Friday, March 13, 2015

Can Warriors be Good Men ?

The question was asked quietly in one of the bars yesterday, after we had been talking about actors.  The discussion was about really Good men. Holy men.  And a film actor.  But as I was down in the crypt washing my sins off the falgstones, upstairs the conversation broadened the range of 'jobs'.

A young woman sneaked past the bar-staff and down into the cellars and quietly asked me if I would please consider a 'case' study she had conducted.  I did. It was of a man of whom I already knew much but who had slipped from my mind many years past.

Let me digress just a little and mention the awful experiences that Warriors go through. In the USA there is outrage at the way their 'Vets' are treated. Their already woeful health system, a disgrace for most citizens and made even more of a minefield by President Obama's 'Obamacare' (an oxymoronic word), is almost tolerable compared to the tardy and neglectful Veterans Administration system. Brave men are often left to fend for themselves despite having served their country and done their 'best'. Can such men as lead and Command those soldiers ever show themselves to be 'Good and Holy' men if they so egregiously abandon their men?

It is not a problem confined to America. In the UK there are homeless ex-soldiers in despair. Abandoned. In Oz too. A recent effort in Oz has seen the establishment of a fund to house a large number of ex-servicemen (as we call them).

Another thing Americans often fail to acknowledge is the role of Aristocracy. They eschew it, make fun of it and generally deride the idea of Lords and Ladies. Mind you they do like to name their children 'Lorde' or Duke, or the ubiquitous 'Earl'.

So, this rather pleasant young woman,  Siobhan Reeves, who interrupted my tasks brought one such to my attention. A Lord from the second world war.  A Warrior. A thoroughly Holy man. I invited her to go back upstairs and tell the guys in the bar about Leonard Cheshire.

Almost exactly 23 years ago, in her 1992 Christmas Message, Queen Elizabeth II paid special tribute to Leonard Cheshire, who had passed away six months before: 
“Perhaps this shining example of what a human being can achieve in a lifetime of dedication can inspire in the rest of us a belief in our own capacity to help others.”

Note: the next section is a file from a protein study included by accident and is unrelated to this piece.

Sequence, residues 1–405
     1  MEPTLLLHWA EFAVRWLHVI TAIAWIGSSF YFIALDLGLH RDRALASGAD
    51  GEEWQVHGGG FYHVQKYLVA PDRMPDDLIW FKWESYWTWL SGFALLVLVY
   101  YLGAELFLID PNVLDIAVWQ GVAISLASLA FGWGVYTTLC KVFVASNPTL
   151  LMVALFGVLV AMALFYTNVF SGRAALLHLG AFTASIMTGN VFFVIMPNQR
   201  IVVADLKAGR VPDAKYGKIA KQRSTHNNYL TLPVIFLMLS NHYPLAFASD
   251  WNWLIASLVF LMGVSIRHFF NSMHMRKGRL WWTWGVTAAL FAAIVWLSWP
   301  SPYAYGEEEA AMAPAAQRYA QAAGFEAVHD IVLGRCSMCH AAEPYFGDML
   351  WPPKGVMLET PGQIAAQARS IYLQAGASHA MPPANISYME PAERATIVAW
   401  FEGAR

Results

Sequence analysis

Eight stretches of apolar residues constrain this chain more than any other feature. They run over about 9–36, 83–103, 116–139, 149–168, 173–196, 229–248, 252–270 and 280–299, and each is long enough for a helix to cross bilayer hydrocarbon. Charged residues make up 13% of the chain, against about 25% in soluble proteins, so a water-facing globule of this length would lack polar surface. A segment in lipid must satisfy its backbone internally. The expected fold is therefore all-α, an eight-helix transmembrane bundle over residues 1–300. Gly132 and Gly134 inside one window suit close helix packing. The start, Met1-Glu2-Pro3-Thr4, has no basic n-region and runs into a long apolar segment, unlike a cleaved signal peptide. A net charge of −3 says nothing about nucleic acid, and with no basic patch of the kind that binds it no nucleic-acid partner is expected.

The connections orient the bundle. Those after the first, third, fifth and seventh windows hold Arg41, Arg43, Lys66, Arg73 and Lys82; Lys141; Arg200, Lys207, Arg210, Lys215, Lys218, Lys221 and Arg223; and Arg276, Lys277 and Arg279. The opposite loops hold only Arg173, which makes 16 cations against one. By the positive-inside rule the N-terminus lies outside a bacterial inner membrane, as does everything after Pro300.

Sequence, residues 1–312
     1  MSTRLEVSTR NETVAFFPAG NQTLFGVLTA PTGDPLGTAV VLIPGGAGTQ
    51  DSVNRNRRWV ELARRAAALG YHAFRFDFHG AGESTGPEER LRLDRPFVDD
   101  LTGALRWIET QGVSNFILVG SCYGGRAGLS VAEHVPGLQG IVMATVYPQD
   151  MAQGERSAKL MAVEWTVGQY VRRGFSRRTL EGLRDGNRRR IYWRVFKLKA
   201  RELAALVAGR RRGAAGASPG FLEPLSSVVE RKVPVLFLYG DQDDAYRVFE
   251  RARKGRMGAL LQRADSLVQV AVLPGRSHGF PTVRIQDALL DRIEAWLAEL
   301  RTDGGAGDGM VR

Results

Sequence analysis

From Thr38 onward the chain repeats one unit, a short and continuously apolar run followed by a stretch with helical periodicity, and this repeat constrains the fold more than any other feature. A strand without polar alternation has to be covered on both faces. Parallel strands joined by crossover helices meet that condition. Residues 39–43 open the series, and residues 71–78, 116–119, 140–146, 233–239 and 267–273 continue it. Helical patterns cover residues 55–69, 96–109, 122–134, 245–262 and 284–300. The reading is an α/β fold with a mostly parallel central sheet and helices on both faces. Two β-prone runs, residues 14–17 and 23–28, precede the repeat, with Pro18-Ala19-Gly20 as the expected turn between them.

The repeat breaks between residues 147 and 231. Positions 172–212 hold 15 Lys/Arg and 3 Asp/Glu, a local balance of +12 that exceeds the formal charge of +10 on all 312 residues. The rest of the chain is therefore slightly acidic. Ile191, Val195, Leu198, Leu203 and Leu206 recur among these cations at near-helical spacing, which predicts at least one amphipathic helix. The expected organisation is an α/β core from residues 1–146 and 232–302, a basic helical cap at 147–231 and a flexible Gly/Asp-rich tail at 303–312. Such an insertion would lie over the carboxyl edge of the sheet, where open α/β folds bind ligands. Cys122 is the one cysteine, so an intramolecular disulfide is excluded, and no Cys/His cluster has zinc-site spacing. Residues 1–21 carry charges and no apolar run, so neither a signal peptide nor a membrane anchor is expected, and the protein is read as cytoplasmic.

Cheshire was an extraordinary individual whose legacy should not be forgotten.
Group Captain Lord Leonard Cheshire of Woodhall, 
VC OM DSO DFC (1917-1992), 
....was the youngest group captain in the RAF in 1944 at the age of 26. 

For the Americans here, a Group Captain is an RAF Rank equivalent to full Colonel. 
By the end of the war he had so much combat experience that statisticians estimate he should have been killed four times over. 
He completed over 100 missions, and in 1944 took command of the legendary 617 Squadron, the Dam Busters.

He received the Victoria Cross in 1944. 
Field Marshal Sir William Slim (who served as Australian governor-general from 1953 to 1960) considered Cheshire’s VC to be the finest awarded during World War II, as it was earned for remarkable courage over a great number of missions rather than for one battle.
Cheshire was also the official British observer for the dropping of the nuclear bomb on Nagasaki on August 15, 1945. As well as the VC, Cheshire received three Distinguished Service Orders (DSO) and the Distinguished Flying Cross (DFC), making him the most highly decorated British airman of World War II, at just 28 years of age.
So, we have a Warrior. Proven in Battle. Effective. A Leader who inspired. 

And he was to become a Lord. A member of the Aristocracy that we have largely done away with, what with them being snooty and posh and looking down their noses on 'ordinary' people, (according to our new non-judgemental, tolerant society).  

He could have dined out on his exploits for the rest of his life. Feted and applauded. But.... 

In 1948 Cheshire took into his home a terminally ill man, Arthur Dykes. Dykes was a Catholic and his faith had a deep impact upon Cheshire. After Dykes’s death, Cheshire converted to Catholicism and was baptised on Christmas Eve, 1948.
By the following year, Cheshire was caring for 28 patients in his home, and thus started the Cheshire homes for the ill and disabled. 
HRH the Duke of Edinburgh described these homes as 
“one of the greatest acts of humanity of our time”. 
Humanity AND Humility. 
Cheshire himself took care of the patients and the upkeep of the home, from scrubbing floors to cleaning bedsores. 
For his works he was invested with the Order of Merit by HM the Queen in 1981, and eventually accepted a peerage in 1991.
You see, Aristocratic rank is not always just a matter of 'inheriting' or being born with a silver spoon in a mouth. It is not even about money.  

It is 'award'; reward; acknowledgement; recognition. 

It is Honour.
Cheshire’s remarkable wife was also a great humanitarian in her own right.